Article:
With respect to the balance claim, the Tribunal first considered the applicants` assertion that the merger was subject to all audit fairness standards. The complainants argued that the company`s board of directors “should be considered a monolith and that, given the voting rights and control of the board of directors, the merger should be analyzed as if it were a squeeze-out merger proposed by a controlling shareholder.”  In Kahn v. Lynch Communications Systems, Inc., the Delaware Supreme Court found that, in certain particular circumstances, the standard of fairness of verification applied from the initio. For example, a private transaction negotiated with a controlling shareholder or a merger of two companies under the joint control of a controlling shareholder. In the circumstances in which a controlling shareholder is on either side of a negotiated transaction, the Delaware Supreme Court held that the approval of the transaction by disinterested directors (e.g. B by a special committee) or by the majority of disinterested shareholders would only shift the burden of proof of total fairness, but would not be invoked for the material protection of trade rules. When considering the applicants` argument that concentration is the Kahn/rule. Lynch found that officers and directors were not a “controlling group of shareholders.”  The Court found that under Delaware law, there is a controlling shareholder, either where the shareholder (i) holds more than 50% of the voting rights of the company, or (ii) has control over the operations and affairs of the company.  In total, officers and directors held only 33.5% of the company`s voting rights. Moreover, the evidence did not show that the officers, directors and their respective families were acting as a single control block.  On the contrary, Vice-Chancellor Leo Strine Jr. found that none of the members of the allegedly controlling bloc (composed of directors, officers, spouses, children and parents) had a vote and that each “had the right and incentive to act as a shareholder in his own interest.”  It is important that out of about 20 people who make up the “so-called controlling group of shareholders”, the largest block of an owner was 10.6%.  Thus, the Court explained that PNB Holding`s decision confirms that the physical protection of the corporate judgment rule can be invoked outside the Kahn/V.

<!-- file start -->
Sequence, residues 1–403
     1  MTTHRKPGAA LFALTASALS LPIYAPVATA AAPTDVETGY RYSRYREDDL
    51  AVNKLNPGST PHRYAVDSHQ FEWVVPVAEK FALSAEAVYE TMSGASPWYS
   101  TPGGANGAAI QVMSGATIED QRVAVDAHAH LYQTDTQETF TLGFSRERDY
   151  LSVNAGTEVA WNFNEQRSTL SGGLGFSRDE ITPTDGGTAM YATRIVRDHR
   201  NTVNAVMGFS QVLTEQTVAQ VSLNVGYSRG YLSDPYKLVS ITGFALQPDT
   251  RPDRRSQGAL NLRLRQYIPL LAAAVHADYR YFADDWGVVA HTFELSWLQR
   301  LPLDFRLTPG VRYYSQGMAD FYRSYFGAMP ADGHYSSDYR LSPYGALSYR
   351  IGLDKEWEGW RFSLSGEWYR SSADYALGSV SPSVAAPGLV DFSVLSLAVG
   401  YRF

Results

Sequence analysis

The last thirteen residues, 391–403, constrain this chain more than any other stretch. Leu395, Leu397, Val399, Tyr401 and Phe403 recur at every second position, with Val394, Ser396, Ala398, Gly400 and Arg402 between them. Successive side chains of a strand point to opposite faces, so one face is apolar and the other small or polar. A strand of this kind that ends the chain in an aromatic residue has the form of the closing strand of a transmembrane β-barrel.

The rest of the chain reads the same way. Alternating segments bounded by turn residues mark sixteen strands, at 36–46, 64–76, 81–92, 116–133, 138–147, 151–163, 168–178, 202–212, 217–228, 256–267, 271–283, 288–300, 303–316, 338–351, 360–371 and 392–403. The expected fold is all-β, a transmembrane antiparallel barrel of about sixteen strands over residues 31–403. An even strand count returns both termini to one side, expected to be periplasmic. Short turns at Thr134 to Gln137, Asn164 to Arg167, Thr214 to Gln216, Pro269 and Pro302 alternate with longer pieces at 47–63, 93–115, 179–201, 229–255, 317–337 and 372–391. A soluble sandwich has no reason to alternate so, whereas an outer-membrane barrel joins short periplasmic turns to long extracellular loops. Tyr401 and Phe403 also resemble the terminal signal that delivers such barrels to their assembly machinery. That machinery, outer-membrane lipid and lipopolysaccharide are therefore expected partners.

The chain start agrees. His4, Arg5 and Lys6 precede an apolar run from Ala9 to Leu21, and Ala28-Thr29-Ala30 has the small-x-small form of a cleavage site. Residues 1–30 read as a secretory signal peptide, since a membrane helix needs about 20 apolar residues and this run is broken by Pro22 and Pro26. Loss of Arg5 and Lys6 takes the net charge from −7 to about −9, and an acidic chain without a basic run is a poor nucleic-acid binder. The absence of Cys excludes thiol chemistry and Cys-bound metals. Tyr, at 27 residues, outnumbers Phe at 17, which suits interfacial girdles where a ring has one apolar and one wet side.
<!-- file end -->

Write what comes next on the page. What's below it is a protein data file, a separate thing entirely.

lynching context, if a transaction is approved by independent and disinterested directors (e.g. B, a special committee that operates in its own right) or by a majority of fully informed and unforced minority shareholders.